Now with all do respect ,I aint arguing anyone's theories but I wanted to see what everyone else thinks too, and if you all have had similar experiences like me.

    -Jim-
     
  13. jim

    jim New Member

    Messages:
    2,579
    State:
    Jacksonville NC
    Totally agre Jim.The TC is way overrated as to fishing effect.I have seen it clear as day on the fishfinder and when I get that depth tied to structure and bait I catch fish.My adice would be forget about it.As you astutely pointed out virtually all fish can venture into the low O2 levels for a meal.Be the same as holding your breath while you grab a steak off the table at the Outback..:big_smile:To many variables as it is to worry about withoutthis one.:smile2:
     
  14. Rtpcat

    Rtpcat New Member

    Messages:
    72
    State:
    Alabama
    I don't know how to fish it but, the alabama river will get dead spots in it. Fish will stage in the upper 10-15ft(avg depth 30) and when you get to a good hole 45-55 ft hole there is a big temp change. I think the moving water just moves over the colder deep water, normally there is a fairly sharp drop going into the deeper water. I can't catch anything in the hole in the summer but I can in the spring. When the surface temp is 91-93 like it was a few weeks back somewhere between the top and bottom has to be the most comfortable spot. But I just want to know what depth they feed in. That I am still hunting for.
     
  15. RonSki

    RonSki New Member

    Messages:
    380
    State:
    Indiana
    If I'm not confused again :wink: I just wanted to clarify that the oxygen deprived layer is below the thermocline, not above. Everything else is right on.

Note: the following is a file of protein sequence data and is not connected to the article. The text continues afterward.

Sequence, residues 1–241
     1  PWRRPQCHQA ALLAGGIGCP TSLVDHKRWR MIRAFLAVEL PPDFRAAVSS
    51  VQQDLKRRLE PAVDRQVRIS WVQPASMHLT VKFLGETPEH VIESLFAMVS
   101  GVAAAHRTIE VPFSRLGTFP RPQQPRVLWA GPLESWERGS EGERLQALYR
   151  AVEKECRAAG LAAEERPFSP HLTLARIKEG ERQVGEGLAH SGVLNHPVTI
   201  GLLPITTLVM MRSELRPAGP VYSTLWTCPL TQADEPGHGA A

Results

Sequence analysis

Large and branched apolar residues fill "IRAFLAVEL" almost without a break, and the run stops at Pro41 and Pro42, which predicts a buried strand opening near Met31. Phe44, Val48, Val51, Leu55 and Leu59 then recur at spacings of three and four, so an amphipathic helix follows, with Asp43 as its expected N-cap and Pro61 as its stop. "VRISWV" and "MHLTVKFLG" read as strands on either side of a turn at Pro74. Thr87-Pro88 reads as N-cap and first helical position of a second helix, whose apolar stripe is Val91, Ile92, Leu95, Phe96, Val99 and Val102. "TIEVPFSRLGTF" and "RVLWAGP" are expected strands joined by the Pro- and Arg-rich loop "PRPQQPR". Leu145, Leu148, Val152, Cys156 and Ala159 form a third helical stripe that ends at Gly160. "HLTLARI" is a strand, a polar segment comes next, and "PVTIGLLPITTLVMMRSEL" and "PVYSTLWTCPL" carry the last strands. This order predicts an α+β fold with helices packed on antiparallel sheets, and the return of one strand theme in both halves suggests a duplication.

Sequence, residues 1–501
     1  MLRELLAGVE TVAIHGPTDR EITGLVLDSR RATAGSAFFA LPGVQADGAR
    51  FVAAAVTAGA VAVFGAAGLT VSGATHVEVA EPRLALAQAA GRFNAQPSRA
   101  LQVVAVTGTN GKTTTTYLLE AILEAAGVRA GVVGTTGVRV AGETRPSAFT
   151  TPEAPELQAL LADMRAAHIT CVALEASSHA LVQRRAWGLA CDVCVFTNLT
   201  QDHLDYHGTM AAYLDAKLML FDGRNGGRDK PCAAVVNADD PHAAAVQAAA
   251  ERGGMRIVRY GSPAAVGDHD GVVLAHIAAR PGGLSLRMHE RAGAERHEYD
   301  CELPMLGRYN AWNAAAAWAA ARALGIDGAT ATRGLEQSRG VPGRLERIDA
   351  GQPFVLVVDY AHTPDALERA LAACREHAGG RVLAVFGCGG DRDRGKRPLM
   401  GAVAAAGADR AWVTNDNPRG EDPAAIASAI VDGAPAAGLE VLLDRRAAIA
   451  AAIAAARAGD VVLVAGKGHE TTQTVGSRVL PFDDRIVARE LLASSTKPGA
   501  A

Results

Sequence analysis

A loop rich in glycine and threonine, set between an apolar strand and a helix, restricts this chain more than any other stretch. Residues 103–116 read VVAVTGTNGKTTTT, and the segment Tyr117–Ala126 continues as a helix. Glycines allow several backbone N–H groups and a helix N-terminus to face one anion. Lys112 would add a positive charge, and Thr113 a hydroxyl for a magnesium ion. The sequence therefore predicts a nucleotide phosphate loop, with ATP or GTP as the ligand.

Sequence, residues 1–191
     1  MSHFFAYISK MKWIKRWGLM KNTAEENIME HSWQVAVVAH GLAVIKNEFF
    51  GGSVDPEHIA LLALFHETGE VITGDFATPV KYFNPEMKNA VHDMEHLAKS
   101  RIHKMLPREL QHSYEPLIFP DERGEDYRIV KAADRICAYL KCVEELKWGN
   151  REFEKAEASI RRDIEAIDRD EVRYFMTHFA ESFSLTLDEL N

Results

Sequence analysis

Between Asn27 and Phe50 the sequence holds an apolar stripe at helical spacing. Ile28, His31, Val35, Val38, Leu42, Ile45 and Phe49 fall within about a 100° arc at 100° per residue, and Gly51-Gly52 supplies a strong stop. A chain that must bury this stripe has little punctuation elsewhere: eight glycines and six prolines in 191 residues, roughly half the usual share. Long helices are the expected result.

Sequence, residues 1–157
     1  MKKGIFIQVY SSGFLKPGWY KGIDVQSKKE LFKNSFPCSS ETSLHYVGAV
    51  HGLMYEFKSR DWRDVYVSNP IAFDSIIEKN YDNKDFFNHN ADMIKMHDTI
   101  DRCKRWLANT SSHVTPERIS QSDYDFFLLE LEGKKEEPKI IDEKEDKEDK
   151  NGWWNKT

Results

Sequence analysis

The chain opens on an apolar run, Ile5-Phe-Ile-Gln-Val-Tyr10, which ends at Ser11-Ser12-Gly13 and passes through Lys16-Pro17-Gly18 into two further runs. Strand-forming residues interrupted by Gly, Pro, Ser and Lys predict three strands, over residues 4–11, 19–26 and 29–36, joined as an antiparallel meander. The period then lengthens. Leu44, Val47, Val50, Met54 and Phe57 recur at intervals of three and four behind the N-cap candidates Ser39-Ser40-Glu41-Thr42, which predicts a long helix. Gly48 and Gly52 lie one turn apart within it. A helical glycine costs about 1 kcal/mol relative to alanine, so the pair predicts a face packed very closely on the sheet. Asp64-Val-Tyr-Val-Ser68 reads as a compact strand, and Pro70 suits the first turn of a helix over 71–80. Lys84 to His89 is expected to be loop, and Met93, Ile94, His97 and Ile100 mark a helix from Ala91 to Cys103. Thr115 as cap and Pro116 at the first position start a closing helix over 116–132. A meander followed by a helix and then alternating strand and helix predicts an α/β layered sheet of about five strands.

In a river, I don't worry it, but in a lake, it could be a big deal. I do know when I'm muskie fishing, once the water warms to about 75 degrees, almost ALL of them go down and relate to the top of the thermocline. They don't do well in hot water so they go deeper to be more comfortable. Flatheads like warm water so I'm almost never fishing deeper than 12 feet deep. But I think that's also a trait of the river I'm fishing too as there isn't a lot of very deep water to start with.
    Targeting fish around the thermocline comes down to knowing the nature of the fish you're after. Muskies, don't like the warmer water, so they go deeper but are limited as to how deep they can go by the thermocline. Flatheads like warm water, so there's no reason for them to need to go deeper other than food. As far as flatheads go, I wouldn't worry about the thermocline, but it IS something to keep in mind if you're fishing in a lake or very slow flowing reservoir.
    I'm still extremely curious about these "dead spots". Some rivers COULD have a thermocline, but the conditions for one to form must be perfect. The only way to know for sure is to check the water temps at different depths. I would LOVE to see what is really going on down there if anyone with a known dead spot would check it...:wink:
     
    Last edited: Jul 30, 2009
  16. Mr. Foster

    Mr. Foster New Member

    Messages:
    1,352
    State:
    Kansas
    This thread has to do with bluegills dyeing. Im not trying to insult anyones intelligence, I find this very informative. But could the gills be dyeing of other obvious reasons, like hook placement? Ive seen people put the hook directly in to vital organs and or the spine. Maybe they are on there death bed in the bait tank/bucket? Sometimes we overlook the obvious. This is jus a oppinion or thought. Thanks to everyone explaining the thermocline and its importance, its good stuff to know. I will be trying a new stratagy due to this.